Jan. 06--A giant polar air mass descending upon much of the country is fast approaching Central Florida, sending air temperatures tumbling more than 50 degrees to sub-freezing temperatures by sunrise on Tuesday.
The first bite of cold will be felt about 2 p.m. when meteorologists expect the mercury to begin falling and the winds to shift to the northwest shooting Arctic air down the Florida Peninsula.
Tonight's low could break records but the bigger story will not be read on a thermometer but felt by Central Floridians adjusting to the bitter wind chills that will make it feel 10 degrees colder.
"In a matter of 16 hours, it will be dropping 50 degrees and that's significant anywhere," said National Weather Service meteorologist Amanda Bowen in Melbourne. "We are going from above normal to well-below normal temperatures in less than 24 hours."
The high temperature today reached 80 but by tonight forecasters expect it to plummet to near 30 -- two degrees shy of a record 28 set in 2010. Lunch can be taken outside but by the evening, residents will want a heavy coat before venturing into the elements.
Add the wind, and Central Floridians are in for the most frigid weather experienced since last March, Bowen said. It has generated freeze, wind chill and lake wind advisories for most of the region lasting until Tuesday morning.
The polar vortex to blame for the sudden cold snap is a mass of cold air that typically dips south and settles over the northern U.S. in brief spurts during the winter months.
What's significant about this front, according to meteorologists, is how far south its reach extends and how wide its effects will be felt across the country.
"It's not unheard of to get this cold. It happens at least once a year," Bowen said. "[Temperatures] won't drop 10 degrees in five minutes but they will drop steadily throughout the rest of the day."
By the time 5 p.m. arrives, temperatures will be in the low to mid-50s. By sunset, it will be about 40.
Winds will drive a shiver through the bones at 15 to 20 mph with even higher gusts, forecasters said.
Overnight, anything left outside could suffer. Forecasters warn residents should cover cold-sensitive plants and bring in pets, particularly for those living in Lake and inland Volusia counties. It will too dry for frost.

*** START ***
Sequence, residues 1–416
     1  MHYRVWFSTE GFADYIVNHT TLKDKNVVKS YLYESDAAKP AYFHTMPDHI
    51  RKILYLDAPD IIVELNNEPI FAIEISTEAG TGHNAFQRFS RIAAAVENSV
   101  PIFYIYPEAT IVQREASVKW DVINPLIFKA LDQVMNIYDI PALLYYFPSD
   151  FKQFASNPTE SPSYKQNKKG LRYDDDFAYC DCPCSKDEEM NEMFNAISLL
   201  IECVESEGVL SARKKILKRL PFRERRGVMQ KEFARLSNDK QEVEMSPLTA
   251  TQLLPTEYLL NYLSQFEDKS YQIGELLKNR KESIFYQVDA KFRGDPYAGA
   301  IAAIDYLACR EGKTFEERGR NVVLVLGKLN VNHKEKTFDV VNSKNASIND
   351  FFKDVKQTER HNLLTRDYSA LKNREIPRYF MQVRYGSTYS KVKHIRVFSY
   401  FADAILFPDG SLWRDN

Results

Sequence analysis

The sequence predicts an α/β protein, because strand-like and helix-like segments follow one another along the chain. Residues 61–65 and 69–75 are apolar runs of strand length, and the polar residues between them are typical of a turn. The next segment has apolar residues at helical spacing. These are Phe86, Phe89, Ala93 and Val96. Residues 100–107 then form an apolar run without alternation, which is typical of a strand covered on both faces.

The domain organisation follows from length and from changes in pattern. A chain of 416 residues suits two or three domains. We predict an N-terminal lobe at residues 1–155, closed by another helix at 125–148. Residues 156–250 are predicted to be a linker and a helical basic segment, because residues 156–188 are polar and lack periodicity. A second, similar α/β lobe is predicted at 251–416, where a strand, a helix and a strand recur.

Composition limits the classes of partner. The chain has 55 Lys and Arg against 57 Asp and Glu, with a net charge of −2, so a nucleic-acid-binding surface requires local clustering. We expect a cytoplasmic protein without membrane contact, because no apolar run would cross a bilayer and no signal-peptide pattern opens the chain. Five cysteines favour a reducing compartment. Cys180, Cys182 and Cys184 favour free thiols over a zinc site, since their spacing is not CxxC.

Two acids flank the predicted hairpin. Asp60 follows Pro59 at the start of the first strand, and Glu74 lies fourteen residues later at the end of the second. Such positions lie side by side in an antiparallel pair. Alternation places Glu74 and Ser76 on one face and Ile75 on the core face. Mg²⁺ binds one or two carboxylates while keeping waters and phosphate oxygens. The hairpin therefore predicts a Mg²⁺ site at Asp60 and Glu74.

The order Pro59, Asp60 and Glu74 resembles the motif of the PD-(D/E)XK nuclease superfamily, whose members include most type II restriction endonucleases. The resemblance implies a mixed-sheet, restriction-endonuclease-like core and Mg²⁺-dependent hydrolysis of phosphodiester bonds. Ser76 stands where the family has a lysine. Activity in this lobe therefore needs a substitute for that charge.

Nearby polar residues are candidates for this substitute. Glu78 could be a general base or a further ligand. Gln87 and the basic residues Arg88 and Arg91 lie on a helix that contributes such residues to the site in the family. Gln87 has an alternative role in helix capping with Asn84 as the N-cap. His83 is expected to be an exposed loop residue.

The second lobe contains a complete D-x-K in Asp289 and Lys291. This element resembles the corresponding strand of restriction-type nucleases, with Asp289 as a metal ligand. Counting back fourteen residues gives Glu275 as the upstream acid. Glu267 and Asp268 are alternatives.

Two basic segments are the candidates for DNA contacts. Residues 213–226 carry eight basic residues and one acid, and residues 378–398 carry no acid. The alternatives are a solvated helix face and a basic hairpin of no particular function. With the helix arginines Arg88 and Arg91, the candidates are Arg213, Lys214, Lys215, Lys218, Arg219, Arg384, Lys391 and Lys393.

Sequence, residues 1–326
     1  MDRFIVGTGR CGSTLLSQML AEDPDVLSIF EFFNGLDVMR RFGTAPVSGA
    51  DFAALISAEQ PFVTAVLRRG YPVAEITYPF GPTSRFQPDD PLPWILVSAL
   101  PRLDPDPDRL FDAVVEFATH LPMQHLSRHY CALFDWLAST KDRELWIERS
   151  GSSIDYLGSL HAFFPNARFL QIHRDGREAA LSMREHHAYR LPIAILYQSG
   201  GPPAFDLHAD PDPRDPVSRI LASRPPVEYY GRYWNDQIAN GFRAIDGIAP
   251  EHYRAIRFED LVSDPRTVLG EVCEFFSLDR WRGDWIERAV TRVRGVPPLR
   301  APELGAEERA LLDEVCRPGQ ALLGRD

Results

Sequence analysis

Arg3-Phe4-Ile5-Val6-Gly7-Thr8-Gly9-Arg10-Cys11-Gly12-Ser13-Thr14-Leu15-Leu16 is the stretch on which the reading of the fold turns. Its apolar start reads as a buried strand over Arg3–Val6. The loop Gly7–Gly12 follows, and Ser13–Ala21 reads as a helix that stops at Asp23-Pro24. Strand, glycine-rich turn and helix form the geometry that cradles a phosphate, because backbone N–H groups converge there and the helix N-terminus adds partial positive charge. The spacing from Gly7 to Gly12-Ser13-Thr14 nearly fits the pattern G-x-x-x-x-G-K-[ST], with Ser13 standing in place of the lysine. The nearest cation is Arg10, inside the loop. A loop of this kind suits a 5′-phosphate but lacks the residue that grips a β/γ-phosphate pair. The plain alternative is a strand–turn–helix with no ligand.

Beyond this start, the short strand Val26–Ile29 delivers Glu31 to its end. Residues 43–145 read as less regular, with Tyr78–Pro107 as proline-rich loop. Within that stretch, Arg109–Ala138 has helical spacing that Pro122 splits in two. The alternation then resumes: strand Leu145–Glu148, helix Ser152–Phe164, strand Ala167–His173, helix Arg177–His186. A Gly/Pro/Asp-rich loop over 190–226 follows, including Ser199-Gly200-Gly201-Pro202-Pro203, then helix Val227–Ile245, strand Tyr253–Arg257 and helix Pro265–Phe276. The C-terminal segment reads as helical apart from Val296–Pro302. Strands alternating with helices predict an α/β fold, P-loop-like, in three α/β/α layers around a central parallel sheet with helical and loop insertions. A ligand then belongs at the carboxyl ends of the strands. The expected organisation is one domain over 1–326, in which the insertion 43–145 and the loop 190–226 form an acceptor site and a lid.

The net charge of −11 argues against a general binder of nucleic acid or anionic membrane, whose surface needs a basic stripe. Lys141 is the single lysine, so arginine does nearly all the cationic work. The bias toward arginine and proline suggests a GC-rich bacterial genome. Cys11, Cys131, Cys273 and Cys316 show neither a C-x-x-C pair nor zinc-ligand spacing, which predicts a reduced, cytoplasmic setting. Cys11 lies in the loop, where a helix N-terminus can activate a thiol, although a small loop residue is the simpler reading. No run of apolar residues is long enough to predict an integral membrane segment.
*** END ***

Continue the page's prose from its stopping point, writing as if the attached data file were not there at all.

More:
It will be coldest about 7 a.m. just before sunrise about 20 minutes later, Bowen said.
For the homeless, downtown shelters will be open both Monday and Tuesday night to all seeking shelter regardless of space, according to Muffet Robinson of the Coalition for the Homeless of Central Florida.
At home, families should prepare and make arrangements for vulnerable members of the community such as the elderly that may be inadequately protected from the cold.
Duke Energy spokesman Sterling Ivey said the company is ready to handle the uptick in usage over the next few days but customers should prepare for outages due to stress on power lines or transformers.
"We don't get the cold weather that often but we know that when it happens customers have concerns about being comfortable without seeing energy bills go up," said Orlando Utility Commission spokesperson Erika Hodges.
She suggested customers keep thermostats at 68 and add a blanket or sweater because for every degree over that mark, "you can expect a 3-5 percent increase in heating costs for the day."
Opening blinds and drapes during warm hours and shutting them at night could help contain the heat.
"We are not anticipating any brown-outs but we are monitoring our system and are ready to respond," Hodges said.
Energy demands should be short-lived as temperatures rise slightly on Tuesday and bounce back to normal levels on Wednesday.
Although it will be mostly sunny tomorrow, the high won't eclipse 50 degrees, meteorologists said. Wind chills could be as low 20 early and remain low during the day with wind gusts. The low will be around 37.
On Wednesday, much of Central Florida will be back in the upper 60s with lighter winds.
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--Bring potted plants inside or group them close to the house.
--Cover outdoor plants with fabric, such as a bedsheet, and secure it so it doesn't blow away.
--Do not water plants at night.
--Harvest citrus only when the temperature drops below 27 degrees for at least four hours.
--Keep space heaters at least 3 feet from flammable objects.
--Follow manufacturer's recommendations for heaters and electric blankets.
--Open fireplace flues, douse embers and store them in a sealed metal container.
--Do not use an oven or grill to heat your home.
--Let pets inside.
SOURCES: Orange County Extension Education Center, Orange County Fire Rescue
For more cold weather tips go to OUC.com
(c)2014 The Orlando Sentinel (Orlando, Fla.)
Visit The Orlando Sentinel (Orlando, Fla.) at www.OrlandoSentinel.com
Distributed by MCT Information Services
Original headline: Polar air mass to plunge Central Florida into sub-freezing conditions
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